17 July 2004




Okinawa Declaration on Conservation and Restoration of Endangered Coral Reefs of the World




Coral reefs and associated ecosystems are invaluable human treasures. They support the most diverse marine communities and beautiful seascapes on the planet, and provide wave-resistant structures and resources for local communities, fisheries, and tourism. However, coral reefs and associated ecosystems are now under serious threat of collapse because of over fishing, development of the coastal zone, including dredging and landfill, and terrestrial run-off. Moreover, the increase in sea surface temperatures, the decrease in carbonate levels as well as sea-level rise, caused by increasing anthropogenic CO2 in the atmosphere, all act synergistically to stress coral reefs, which lead to severe bleaching and extensive coral mortality. The degradation of coral reefs by local, regional, and global environmental stresses is at the very least destroying the health, function, and positive values associated with coral reefs, and at the worst leading to loss of this treasure.

We, the participants of the 10th International Coral Reef Symposium (28 June to 2 July, 2004, Okinawa, Japan) acknowledge that the degradation of coral reefs worldwide has now reached a critical stage. We declare in the strongest terms that additional destruction of coral reefs must be avoided and more effort is necessary to prevent further reef demise. Conservation and restoration of coral reefs should be made without delay in each nation acting individually and in concert through closer international cooperation. To this end, we advocate scientific research and rigorous monitoring, management-tool development, and appropriate measures for conservation and sustainable use of coral reefs. In addition, scientifically sound restoration measures for already-degraded coral reefs must be applied.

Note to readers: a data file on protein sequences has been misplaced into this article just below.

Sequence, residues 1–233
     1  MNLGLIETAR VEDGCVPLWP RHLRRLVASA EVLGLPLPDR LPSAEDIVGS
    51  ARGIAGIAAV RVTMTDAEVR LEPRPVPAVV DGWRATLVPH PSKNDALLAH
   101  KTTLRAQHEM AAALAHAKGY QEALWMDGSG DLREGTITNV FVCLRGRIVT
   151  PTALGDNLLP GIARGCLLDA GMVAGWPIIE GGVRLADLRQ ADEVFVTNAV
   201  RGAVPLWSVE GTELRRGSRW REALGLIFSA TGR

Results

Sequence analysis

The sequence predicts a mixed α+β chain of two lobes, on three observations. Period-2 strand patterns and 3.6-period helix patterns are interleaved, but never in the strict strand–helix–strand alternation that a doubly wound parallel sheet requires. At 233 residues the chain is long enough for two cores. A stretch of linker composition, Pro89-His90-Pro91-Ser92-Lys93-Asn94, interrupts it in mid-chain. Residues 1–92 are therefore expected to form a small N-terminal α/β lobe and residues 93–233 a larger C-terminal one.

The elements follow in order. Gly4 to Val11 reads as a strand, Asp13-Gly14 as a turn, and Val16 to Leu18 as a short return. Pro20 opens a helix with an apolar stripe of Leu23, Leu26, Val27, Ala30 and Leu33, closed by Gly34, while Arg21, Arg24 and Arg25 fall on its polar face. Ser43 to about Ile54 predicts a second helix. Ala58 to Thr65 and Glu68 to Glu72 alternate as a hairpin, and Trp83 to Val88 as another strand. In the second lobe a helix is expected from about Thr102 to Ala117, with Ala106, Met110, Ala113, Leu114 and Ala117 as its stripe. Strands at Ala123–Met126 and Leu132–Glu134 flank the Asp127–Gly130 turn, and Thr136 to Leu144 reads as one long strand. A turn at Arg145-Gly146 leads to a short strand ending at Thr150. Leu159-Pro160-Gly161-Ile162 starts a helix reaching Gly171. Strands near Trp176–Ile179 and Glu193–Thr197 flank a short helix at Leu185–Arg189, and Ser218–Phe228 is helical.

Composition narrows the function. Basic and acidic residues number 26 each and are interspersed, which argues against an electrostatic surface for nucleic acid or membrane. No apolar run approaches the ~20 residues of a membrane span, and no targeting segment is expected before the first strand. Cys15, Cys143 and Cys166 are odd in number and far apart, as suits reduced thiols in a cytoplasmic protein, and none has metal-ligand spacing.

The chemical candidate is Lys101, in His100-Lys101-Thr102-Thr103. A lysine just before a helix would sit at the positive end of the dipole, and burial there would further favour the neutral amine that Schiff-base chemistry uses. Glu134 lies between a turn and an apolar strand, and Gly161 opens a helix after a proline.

A twin strategy must be taken over the longer term to reduce human induced climate change by reducing green-house gases, but at the same time a reduction in CO
2 must be matched by action to reduce immediate threats of declining water quality because of land-use changes and pollution, and mass exploitation of fish biomass. To achieve these goals, we recommend four key strategies: 1) achieve sustainable fishery on coral reefs, 2) increase effective marine protected areas on coral reefs, 3) ameliorate land-use change impacts, and 4) develop technology for coral reef restoration. Such efforts must be fostered and sustained through stewardship and cooperation among scientists, managers, policymakers, non-governmental organizations, and the general public. The task must be enhanced through international linkages among the principal global scientific body (International Society for Reef Studies [ISRS]), the main international management initiative (International Coral Reef Initiative [ICRI]), as well as leading international organizations (e.g. UNESCO, UNEP, IUCN) and NGOs.


As participants in the 10th International Coral Reef Symposium, we collectively appeal to all researchers, managers, users, and lovers of coral reefs to accomplish the above tasks, and we urge relevant international organizations, national governments, and NGOs to find common understanding and means to collaborate towards this goal.